When we first meet Eli (Denzel Washington), he is sending an arrow into a cat who’s trying to eat from a fallen human body in a grey, dead forest. It’s a while before he gets to roast the cat and eat it, giving us time to see Eli’s world and get to know him. He’s not a too distant cousin to Clint Eastwood in his silent-man spaghetti western days. A loner who is not tempted by women, a quick-draw shooter who never misses, and a martial arts master who can easily kill a dozen men in a variety of bloody ballet moves. Every night he sharpens his knives with a stone and then unwraps a precious book from his backpack and reads it.
Eli doesn’t scout the surroundings with binoculars, he listens and smells and feels the ground and what he learns seems to be the same scenes he’s been facing for the past 30 years on his solitary journey to the west coast. The planet was wiped out by some cataclysm. Like the world in The Road, the plants and animals are all gone. Most of the people too. Many of those who survive suffer from blindness. Criminals wander the countryside, killlng and eating whomever they can find. The bleak imagery of the vast gloomy vistas and the decrepit interiors is a production marvel, breathtakingly beautiful in its relentless, lifeless ugliness.
In this desolate landscape of the New Mexico desert, the man who has fresh water is king. And that would be a man named Carnegie (Gary Oldman), who has become the tyrant of a small town by knowing where the underground springs are. He abuses his blind companion, Claudia (Jennifer Beal), and uses her sensual teenage daughter Solara (Mila Kunis) as bait to keep his violent cronies under his command. Carnegie, unlike the younger survivors, is old enough to remember some of the finer things of the way the world used to be, including the distinct pleasure of being able to read. He is obsessed with finding a particular book and sends out brigands to search for it. But none of the scavenged books is the one he wants–the book whose words will move people to his will and allow him to expand his empire.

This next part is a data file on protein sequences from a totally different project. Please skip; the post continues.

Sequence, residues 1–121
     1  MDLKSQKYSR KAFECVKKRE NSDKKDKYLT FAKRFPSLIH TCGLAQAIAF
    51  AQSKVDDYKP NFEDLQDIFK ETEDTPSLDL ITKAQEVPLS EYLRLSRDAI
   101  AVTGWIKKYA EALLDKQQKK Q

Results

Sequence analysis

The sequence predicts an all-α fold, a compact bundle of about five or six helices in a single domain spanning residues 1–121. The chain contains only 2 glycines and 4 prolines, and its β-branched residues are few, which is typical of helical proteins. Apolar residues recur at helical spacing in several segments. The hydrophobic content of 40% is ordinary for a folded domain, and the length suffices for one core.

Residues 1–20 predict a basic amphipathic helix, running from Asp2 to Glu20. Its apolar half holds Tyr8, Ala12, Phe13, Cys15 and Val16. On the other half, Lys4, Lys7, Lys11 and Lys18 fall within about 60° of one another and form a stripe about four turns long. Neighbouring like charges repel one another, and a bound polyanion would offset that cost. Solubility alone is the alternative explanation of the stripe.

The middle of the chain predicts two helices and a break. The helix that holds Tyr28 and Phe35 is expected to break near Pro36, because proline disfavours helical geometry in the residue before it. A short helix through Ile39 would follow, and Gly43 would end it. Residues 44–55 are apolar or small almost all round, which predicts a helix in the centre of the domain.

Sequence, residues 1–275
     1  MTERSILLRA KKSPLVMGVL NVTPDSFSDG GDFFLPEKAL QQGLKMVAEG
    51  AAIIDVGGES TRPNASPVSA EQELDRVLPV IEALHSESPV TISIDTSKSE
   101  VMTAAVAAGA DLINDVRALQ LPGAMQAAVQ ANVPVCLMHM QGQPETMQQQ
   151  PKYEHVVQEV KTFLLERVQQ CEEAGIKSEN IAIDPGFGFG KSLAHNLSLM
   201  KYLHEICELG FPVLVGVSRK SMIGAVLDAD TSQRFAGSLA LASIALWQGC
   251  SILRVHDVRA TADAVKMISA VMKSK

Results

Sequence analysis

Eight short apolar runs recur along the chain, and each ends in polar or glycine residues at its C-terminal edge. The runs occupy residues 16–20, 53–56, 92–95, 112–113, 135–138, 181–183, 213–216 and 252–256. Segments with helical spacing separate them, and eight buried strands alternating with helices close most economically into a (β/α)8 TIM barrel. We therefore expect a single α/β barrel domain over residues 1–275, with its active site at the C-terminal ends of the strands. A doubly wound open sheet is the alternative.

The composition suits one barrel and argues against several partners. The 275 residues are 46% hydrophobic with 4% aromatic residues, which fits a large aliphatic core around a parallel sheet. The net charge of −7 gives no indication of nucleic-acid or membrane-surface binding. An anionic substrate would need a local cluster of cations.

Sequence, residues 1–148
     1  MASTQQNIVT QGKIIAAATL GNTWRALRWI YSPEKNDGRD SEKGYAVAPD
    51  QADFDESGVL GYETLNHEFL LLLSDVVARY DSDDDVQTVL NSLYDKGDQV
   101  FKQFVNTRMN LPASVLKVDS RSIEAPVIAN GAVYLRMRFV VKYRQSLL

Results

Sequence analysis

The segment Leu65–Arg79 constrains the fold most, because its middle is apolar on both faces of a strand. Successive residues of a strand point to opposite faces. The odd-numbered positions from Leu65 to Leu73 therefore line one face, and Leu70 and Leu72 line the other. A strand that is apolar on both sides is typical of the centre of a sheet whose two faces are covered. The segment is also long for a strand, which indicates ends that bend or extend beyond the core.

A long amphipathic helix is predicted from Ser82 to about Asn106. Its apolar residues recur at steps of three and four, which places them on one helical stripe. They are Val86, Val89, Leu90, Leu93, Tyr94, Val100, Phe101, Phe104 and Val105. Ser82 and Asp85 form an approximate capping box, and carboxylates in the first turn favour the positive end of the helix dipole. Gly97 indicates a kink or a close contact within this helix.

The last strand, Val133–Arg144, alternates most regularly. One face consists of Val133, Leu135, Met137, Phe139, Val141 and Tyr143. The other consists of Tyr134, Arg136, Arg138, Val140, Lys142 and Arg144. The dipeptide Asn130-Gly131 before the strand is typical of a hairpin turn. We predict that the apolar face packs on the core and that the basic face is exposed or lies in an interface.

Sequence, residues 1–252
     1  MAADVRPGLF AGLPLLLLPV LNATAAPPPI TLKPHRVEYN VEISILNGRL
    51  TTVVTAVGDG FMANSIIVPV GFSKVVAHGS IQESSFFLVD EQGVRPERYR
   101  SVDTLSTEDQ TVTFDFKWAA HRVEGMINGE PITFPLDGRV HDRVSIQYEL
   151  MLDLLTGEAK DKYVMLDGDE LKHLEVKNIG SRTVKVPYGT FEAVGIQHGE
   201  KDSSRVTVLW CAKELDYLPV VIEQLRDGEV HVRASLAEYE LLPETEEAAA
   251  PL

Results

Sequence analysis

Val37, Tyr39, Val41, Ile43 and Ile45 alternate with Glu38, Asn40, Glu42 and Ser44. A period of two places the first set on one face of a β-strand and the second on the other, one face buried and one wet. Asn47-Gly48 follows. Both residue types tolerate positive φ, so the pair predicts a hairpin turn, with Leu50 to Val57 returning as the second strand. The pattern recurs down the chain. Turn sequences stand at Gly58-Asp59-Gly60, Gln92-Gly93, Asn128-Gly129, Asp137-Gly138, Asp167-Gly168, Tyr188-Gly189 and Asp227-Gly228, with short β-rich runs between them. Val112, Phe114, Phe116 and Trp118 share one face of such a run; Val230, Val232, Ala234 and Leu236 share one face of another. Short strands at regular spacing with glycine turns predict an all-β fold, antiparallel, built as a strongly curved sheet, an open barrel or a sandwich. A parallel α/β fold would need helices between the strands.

Denzel Washington is noble and brave, laconic and mysterious, a gentleman to the ladies and a terror to the bad guys. Such a part is risky because it veers dangerously close to parody. What makes such a hero believable is a worthy villain and Oldman delivers. He’s brutish and cruel of course, but he’s also eloquent and satiric, qualities that elevate him beyond the mere gangster and put him into the league of memorable villains like Alan Rickman’s European terrorist, Hans Gruber, in Die Hard. Such a villain gives credence to our hero and makes rooting for him all the more satisfying. When the villain steals Eli’s precious book and discovers what it really is, we feel no guilt for his bitter disappointment.
The best post-Apocalyptic movies always have a spiritual theme, portrayed in varying degrees of subtlety. The Book of Eli makes that theme hit on the nose, and it will depend on your religious leanings if the theme will make you feel righteous or bother you. In any case, the surprise ending goes beyond religiosity to make the story a universal one.
It’s been nine years since twin brothers Albert and Allen Hughes had a theatrical release (From Hell, 2001). The Book of Eli is such a compelling and well-made movie that we can only eagerly hope that the brothers’ next outing comes with all due speed.